Ani: Situated along a major east-west caravan route, Ani first rose to prominence in the 5th century AD and had become a flourishing town and the capital of Armenia in the 10th century. The many churches built there during this period included some of the finest examples of medieval architecture and earned its nickname as the “City of 1001 Churches”. At its height, Ani had a population of 100,000 to 200,000 people. It remained the chief city of Armenia until Mongol raids in the 13th century, a devastating earthquake in 1319, and shifting trade routes sent it into an irreversible decline. Eventually the city was abandoned and largely forgotten for centuries. The ruins are now located in Turkey.
Troy: Troy is a legendary city in what is now northwestern Turkey, made famous in Homer’s epic poem, the Iliad. According to Iliad, this is where the Trojan War took place. The archaeological site of Troy contains several layers of ruins. The layer Troy VIIa was probably the Troy of Homer and has been dated to the mid- to late-13th century BC.
Carthage: Located in present-day Tunisia, Carthage was founded by Phoenician colonists and became a major power in the Mediterranean. The resulting rivalry with Syracuse and Rome was accompanied by several wars with respective invasions of each other’s homeland, most notable the invasion of Italy by Hannibal. The city was destroyed by the Romans in 146 BC. The Romans went from house to house, capturing, raping and enslaving the people before setting Carthage ablaze. However, the Romans re-founded Carthage, which became one of the Empire’s largest and most important city. It remained an important city until it was destroyed a second time in 698 AD during the Muslim conquest.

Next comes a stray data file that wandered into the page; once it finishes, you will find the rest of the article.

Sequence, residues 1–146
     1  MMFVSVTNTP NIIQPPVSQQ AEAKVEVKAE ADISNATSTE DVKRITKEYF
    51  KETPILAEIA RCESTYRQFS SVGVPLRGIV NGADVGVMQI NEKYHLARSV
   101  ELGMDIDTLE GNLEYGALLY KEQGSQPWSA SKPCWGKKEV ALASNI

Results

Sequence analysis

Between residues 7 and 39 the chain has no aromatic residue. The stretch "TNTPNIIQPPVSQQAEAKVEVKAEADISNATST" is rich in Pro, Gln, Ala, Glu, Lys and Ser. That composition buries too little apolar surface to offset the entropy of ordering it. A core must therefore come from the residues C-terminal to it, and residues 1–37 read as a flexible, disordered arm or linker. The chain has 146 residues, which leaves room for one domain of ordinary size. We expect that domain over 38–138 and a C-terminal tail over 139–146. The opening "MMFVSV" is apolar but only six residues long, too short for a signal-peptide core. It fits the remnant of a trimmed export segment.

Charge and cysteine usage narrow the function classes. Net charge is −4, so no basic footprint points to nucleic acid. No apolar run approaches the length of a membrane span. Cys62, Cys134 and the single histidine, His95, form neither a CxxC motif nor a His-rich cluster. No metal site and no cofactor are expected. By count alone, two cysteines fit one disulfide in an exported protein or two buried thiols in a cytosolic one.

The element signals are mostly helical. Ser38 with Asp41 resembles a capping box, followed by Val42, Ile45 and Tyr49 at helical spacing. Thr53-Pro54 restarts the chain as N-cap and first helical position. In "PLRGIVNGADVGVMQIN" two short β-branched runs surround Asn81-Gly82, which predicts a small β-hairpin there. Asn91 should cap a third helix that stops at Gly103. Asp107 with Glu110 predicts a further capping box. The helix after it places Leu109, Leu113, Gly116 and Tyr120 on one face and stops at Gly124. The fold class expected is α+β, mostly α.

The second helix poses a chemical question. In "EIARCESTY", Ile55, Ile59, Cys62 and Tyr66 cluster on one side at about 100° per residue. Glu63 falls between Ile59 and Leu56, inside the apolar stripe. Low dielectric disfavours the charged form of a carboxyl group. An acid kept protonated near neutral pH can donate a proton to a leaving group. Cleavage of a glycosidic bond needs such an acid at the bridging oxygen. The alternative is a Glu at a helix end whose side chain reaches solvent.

Babylon: Babylon, the capital of Babylonia, an ancient empire of Mesopotamia, was a city on the Euphrates River. The city degenerated into anarchy circa 1180 BC, but flourished once again as a subsidiary state of the Assyrian Empire after the 9th century BC. The brilliant color and luxury of Babylon became legendary from the days of Nebuchadnezzar (604-562 BC), who is credited for building the legendary Hanging Gardens. All that remains of the famed city today is a mound of broken mud-brick buildings and debris in the fertile Mesopotamian plain between the Tigris and Euphrates rivers in Iraq.
Pompeii: On August 24, 79 AD, the volcano Vesuvius erupted, covering the nearby town Pompeii with ash and soil, and subsequently preserving the city in its state from that fateful day. Everything from jars and tables to paintings and people were frozen in time. Pompeii, along with Herculaneum, were abandoned and eventually their names and locations were forgotten. They were rediscovered as the results of excavations in the 18th century. The lost cities have provided an extraordinarily detailed insight into the life of people living two thousand years ago.
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